We followed all the steps in quietness and concert. When we dropped the coin in the earthen pot, I noticed the water inside effervescing but soon it calmed to form a dark transport film right on the top layer of the water.
“Just look at the pictures you will see them very well. That is the source of your problem. You should be able to recognize the people there,” he said.
Curiously, my sister and I bent over the pot and started looking into it. A familiar face popped up and the next 10 minutes or so brought me sketches of what gave rise to my situation. The face was Omolara, a girlfriend of mine many years ago.
“Do you recognize any person there?” the old diviner asked me, when we were done with the session.

“Yes, I do”, I said, as my sister looked on in awe.
“Did that happen?” he asked again.
“I did not believe her until now. That was many years ago. I just started work then”, I explained. “But what is the solution?”

“Speak to a coin again and follow the same process. Clean your faces and drop the coin into the water. Then look at the pictures and tell me what you saw,” he directed us.
By this time anxiety had got a better part of me. And it was evident in the way I was behaving. The coin almost dropped out of my hand as a result of my shaky hands.
But when we bent over the pot, I saw a more violent picture. Omolara was hiding behind one beautiful woman who wore a crown with the number seven visibly enshrined on it. The beautiful woman was ranting and barking, and quarreling with someone. At the end, she took out one big key, put it into her mouth and swallowed it.
I told the diviner all I saw. “She swallowed the key?” he asked me in amazement.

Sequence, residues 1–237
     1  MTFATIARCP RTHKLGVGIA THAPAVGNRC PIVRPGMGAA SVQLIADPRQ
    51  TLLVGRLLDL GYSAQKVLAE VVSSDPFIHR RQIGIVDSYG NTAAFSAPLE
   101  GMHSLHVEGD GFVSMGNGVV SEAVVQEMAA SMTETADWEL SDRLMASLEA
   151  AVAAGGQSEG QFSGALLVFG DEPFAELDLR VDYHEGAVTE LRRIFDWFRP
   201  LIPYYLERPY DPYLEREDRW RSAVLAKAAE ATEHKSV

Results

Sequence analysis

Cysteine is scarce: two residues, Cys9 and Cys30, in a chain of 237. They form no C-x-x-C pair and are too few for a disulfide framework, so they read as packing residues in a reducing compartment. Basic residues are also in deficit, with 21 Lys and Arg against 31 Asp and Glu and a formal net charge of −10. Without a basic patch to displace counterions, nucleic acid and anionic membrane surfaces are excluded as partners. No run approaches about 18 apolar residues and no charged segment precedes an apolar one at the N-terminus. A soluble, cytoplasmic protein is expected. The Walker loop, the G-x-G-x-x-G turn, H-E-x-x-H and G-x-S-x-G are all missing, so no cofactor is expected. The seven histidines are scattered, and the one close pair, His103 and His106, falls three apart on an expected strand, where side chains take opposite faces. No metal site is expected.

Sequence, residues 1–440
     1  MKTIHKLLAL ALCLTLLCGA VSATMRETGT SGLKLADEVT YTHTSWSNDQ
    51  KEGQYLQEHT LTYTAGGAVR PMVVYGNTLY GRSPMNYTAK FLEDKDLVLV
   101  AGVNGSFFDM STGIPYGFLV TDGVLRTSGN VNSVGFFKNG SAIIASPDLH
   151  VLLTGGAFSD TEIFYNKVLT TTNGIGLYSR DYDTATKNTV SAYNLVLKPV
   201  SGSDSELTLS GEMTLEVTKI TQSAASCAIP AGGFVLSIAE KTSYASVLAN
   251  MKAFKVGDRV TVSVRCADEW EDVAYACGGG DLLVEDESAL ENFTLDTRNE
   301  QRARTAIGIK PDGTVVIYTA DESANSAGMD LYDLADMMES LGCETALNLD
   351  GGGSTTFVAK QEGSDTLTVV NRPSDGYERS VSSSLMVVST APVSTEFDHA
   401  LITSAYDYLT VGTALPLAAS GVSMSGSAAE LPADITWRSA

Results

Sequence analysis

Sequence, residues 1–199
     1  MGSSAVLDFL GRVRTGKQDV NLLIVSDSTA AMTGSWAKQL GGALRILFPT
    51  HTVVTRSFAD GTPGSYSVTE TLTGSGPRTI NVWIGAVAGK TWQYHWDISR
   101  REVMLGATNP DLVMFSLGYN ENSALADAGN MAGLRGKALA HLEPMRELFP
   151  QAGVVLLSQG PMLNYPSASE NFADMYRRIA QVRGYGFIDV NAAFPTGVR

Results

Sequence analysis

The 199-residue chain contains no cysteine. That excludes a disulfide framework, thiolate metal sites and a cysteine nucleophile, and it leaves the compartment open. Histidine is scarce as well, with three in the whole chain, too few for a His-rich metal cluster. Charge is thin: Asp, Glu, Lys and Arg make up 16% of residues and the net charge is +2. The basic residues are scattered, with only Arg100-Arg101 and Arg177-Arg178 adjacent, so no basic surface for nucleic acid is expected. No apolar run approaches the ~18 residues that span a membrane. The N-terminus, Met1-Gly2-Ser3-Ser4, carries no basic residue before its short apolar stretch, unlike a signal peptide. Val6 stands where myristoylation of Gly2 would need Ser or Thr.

“Yes, she did”, I replied.

“This is a difficult case. The woman is the seventh queen of the ocean. She has the key to the solution of your problem. I do not have the power to confront her. With a wave of hand, she can blow me away like ashes in a fire place,” he said.
“So what are we going to do?” I asked him again.

“There are eight queens. The least in terms of power is the first while the eight is the most powerful. It is only the eight that can get the key out of the seventh queen. To find the solution is to seek favour from the most powerful queen of the ocean,” he announced.
“I will recommend you to someone who can help you, because I cannot .”

He described the location and it turned out that the man lived some three hours away from his spot. And the entire three hours would be done on a boat. I guess that spot will be the one tiny dot on the Atlantic Ocean. My sister and I considered that it would be a journey that would be accomplished later, so we decided to go back to Port Harcourt. It was on our way back that I explained to my sister who Omolara was.

“It’s a long story”, I told her, as she cupped her chin in her hands, listening. “Omolara was one of the first girlfriends I met in Lagos. Then I had just graduated, finished my NYSC and got a job at the Ports Authority. We were close and everyone thought we would get married. I also believed my intentions were known to her parents. But along the line, she got pregnant and I was over-joyed. I happily hoped and planned for our wedding until a friend of mine came to tell me that he knew Omolara’s other boyfriend. In fact, he told me plainly that the pregnancy could not be mine.”

…To Be continued